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Swimming Pool Etiquette Everyone Should Know

Wherever we go, there are always rules and social cues to follow. From government laws, to simple behavioral etiquette, rules are in place to keep order and safety at all times. In casual settings like swimming in a pool with friends, we aren't always aware of these things, but knowing proper swim etiquette can not only save lives but also avoid untoward situations and conflict in the pool.

Appropriate Swimwear

Before we even get to the water, we first need to think about proper swim attire. There are many different options to choose from but as a general rule, whatever style you decide on, the material of the clothing matters. According to a fabric experts, the best material for swimwear is a polyester/elastane combination also known as Spandex, but other synthetic materials like nylon, polyester, and neoprene have also been widely used to make swimwear. They make good fabrics for swimwear because compared to natural fabrics, synthetic fabrics also have fast-drying properties that make these swimwear lighter, durable, and convenient to use in the water.

Material of swimwear matters because we not only want to wear flattering swimwear, but also get something that will give us the support we need for its function. In the past, swimwear was made with natural fabrics like wool, but we know that natural fabrics don't have flexibility and soak up water that makes the clothing heavy and mishapen. On that note, one absolute no-no that we'd like to mention is to not wear under garments to the pool. No matter how nice-looking one's undies could be, they do not belong in the pool. They are not only inappropriate, they are very unhygienic since they possibly carry bodily fluids and dirt from wearing them throughout the day--especially considering the materials they are made of.

Showering, Wounds, and Bandages

Ever think it's odd to shower before stepping into a pool? The purpose of this is to really get rid of particles and dirt that would otherwise just end up in the pool and stay there. In a general sense, it is more hygeinic and prevents the possibility of contracting communicable bacterias and parasites from the pool due to these unhealthy elements. Just the same way as going into the pool, showering after swimming is also advisable to rinse off the chlorine on our skin that can definitely dry the skin out. Showering is a way we can keep the pool as clean and pure as we possibly can so it is a good habit to practice.

Once in a while, we would have scrapes and wounds and normally it's okay to swim with them for as long as it is safe to do so and it won't cause anybody else problems. However, if the wound still secretes fluids and is not totally dry, it is best wait until it gets better. When it comes to bandages and wound coverings, it would be best to use a waterproof one or one that would really adhere to the skin because it would be gross to see floating bandages and gauzes around the pool, nobody wants that!

Restrooms and Diapers

It goes without saying that peeing in the pool is not allowed, but since there isn't a way to really check, people do it anyway. Let's admit, we all have done it at least once in our lives, but that doesn't make it okay. Bodily fluids like urine can definitely change the PH level of the pool water and can really mess up the acidity levels which can be unsafe in certain situations.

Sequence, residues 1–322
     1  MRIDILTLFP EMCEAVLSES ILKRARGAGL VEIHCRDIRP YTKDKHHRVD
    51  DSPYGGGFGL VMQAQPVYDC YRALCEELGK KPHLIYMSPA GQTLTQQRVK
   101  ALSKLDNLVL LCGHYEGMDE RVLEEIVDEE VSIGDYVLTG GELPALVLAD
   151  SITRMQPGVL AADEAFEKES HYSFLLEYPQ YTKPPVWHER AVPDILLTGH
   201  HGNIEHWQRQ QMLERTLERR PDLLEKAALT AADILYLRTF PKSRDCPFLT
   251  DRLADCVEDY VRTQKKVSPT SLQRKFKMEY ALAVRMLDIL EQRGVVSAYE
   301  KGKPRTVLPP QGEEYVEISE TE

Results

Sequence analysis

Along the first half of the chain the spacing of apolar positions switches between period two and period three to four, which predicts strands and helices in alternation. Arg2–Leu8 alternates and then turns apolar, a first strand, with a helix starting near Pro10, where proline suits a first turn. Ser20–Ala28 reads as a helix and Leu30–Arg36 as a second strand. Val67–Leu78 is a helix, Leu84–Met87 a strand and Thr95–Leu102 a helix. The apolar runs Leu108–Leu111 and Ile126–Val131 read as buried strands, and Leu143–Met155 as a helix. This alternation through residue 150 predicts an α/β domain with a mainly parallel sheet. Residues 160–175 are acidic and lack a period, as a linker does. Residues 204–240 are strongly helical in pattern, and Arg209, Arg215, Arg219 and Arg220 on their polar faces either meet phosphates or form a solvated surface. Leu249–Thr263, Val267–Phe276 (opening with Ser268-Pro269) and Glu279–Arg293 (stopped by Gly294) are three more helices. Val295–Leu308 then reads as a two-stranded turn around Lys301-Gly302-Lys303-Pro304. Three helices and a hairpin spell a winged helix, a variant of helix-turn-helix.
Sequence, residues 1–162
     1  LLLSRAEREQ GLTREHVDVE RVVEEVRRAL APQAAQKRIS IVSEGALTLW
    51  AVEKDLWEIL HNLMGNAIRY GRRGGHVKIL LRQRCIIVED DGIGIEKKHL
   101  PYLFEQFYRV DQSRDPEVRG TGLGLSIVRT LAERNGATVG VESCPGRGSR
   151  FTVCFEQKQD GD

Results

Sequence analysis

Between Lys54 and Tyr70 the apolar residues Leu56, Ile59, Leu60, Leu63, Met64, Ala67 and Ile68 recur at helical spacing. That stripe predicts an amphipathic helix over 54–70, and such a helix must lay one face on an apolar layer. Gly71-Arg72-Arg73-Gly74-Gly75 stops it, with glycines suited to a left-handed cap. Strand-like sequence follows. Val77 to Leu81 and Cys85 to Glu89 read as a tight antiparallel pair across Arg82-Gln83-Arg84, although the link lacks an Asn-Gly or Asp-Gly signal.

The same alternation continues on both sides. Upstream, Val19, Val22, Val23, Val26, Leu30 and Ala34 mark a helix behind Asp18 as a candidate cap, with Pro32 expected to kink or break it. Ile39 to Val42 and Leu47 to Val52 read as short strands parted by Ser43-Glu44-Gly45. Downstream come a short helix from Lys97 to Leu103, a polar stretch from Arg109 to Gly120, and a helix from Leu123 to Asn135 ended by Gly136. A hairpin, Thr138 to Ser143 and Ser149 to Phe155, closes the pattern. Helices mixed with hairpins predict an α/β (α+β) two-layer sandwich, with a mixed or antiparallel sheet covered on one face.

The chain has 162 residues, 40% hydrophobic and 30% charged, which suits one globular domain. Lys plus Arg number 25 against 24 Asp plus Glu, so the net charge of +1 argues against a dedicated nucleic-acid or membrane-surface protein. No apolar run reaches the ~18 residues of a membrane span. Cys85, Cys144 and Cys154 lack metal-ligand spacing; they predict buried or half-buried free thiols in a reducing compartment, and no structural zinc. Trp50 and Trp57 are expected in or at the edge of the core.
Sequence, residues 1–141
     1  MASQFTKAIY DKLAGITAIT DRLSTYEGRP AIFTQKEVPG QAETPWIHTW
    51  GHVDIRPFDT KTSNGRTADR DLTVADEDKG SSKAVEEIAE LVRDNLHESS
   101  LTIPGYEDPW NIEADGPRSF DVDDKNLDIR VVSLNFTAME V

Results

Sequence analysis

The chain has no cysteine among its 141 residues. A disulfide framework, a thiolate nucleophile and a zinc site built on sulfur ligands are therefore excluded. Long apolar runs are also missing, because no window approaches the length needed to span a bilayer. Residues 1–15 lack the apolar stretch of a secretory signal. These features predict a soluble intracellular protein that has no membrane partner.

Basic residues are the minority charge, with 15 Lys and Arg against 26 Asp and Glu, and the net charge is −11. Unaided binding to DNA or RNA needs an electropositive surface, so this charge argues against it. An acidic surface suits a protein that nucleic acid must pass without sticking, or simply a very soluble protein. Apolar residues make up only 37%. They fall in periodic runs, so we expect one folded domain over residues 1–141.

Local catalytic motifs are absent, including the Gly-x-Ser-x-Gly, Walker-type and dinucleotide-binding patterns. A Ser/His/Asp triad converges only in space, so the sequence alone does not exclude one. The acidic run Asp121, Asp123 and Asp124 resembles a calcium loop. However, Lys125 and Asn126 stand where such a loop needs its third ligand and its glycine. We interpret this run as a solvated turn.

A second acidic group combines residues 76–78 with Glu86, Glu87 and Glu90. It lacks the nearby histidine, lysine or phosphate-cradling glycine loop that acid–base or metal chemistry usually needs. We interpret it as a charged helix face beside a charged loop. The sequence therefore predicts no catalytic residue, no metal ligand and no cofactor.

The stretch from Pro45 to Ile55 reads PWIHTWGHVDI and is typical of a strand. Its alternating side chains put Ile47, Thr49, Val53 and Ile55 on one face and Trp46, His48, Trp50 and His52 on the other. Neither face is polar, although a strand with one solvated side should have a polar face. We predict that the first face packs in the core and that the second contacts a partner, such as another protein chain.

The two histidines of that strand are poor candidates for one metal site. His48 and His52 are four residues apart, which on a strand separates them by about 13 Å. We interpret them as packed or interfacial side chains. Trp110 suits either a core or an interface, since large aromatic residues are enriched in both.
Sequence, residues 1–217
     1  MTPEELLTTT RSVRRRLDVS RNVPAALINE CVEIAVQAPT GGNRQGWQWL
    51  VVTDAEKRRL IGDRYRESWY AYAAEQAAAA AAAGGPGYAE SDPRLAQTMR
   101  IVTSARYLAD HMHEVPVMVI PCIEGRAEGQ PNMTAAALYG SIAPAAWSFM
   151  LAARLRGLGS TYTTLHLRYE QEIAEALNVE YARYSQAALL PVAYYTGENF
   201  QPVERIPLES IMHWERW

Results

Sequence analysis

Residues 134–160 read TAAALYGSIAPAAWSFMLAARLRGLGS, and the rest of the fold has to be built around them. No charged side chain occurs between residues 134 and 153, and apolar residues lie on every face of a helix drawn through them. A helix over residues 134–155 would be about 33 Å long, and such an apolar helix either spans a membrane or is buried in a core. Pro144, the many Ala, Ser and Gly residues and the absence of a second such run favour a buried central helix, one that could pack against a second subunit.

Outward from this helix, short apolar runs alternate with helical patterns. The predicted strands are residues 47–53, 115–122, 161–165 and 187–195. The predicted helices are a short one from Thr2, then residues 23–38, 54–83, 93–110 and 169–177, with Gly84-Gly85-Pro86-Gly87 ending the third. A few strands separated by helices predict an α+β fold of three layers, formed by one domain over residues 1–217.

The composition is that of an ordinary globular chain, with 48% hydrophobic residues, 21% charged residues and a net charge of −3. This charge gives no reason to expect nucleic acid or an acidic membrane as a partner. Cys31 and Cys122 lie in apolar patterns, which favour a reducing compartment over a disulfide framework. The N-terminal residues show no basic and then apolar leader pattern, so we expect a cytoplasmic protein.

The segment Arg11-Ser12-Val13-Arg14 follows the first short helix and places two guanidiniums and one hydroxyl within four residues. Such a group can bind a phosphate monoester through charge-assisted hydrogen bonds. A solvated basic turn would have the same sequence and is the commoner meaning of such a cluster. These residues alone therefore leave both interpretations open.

For younger kids who still get potty accidents, swim diapers are their mom's best friends; but in the pool, it isn't always a welcome sight. When bringing little ones in diapers, it would also be good to have them tell you when they need to go pee or poop just to lessen the bacteria that gets into the water and prevent unwanted accidents.

Stop, Look, and Listen

Now that we're all set to join in the fun, take a moment to stop, look, and listen for anything that would possibly harm/obstruct you or anyone else as you jump-in. Just the same with crossing the street and following traffic signs, we take these extra precautions for our safety and the safety of others as well. We wouldn't like to accidentally jump on someone in the water or maybe cut someone who is doing laps. When in the pool, always be aware of your surroundings, watching over yourself and others.

No Rough Play

It is always good to watch out for people in the pool before jumping in. This especially applies to diving. Usually pools will have designated areas for diving that would have the proper depth for diving. Another thing to avoid doing when going in and out of the pool is running and doing rough play in general. If you have children, make sure they engage in safe play and games that will not potentially endanger them into drowning or slipping.

Speaking of other people, splashing around can be fun, but not when you don't intend to get splashed on by someone you don't even know. Splashing and making loud noises in public pools can be annoying, so it would be best to be considerate of others and keep the fun within your own group.

Leave Nothing Behind

Typically public pools will not allow eating or smoking cigarettes in and near the pool, but in the event that they do allow these things, be sure to clean up after yourself. Leave no trace of food, trash, or any personal belongings behind.

These guidelines are some basic reminders to be polite and considerate of the people around us. They are guidelines can definitely be applied for each swim opportunity (including beach ones!). These reminders will ensure safe and conflict-free days in the pool. Happy splashing!


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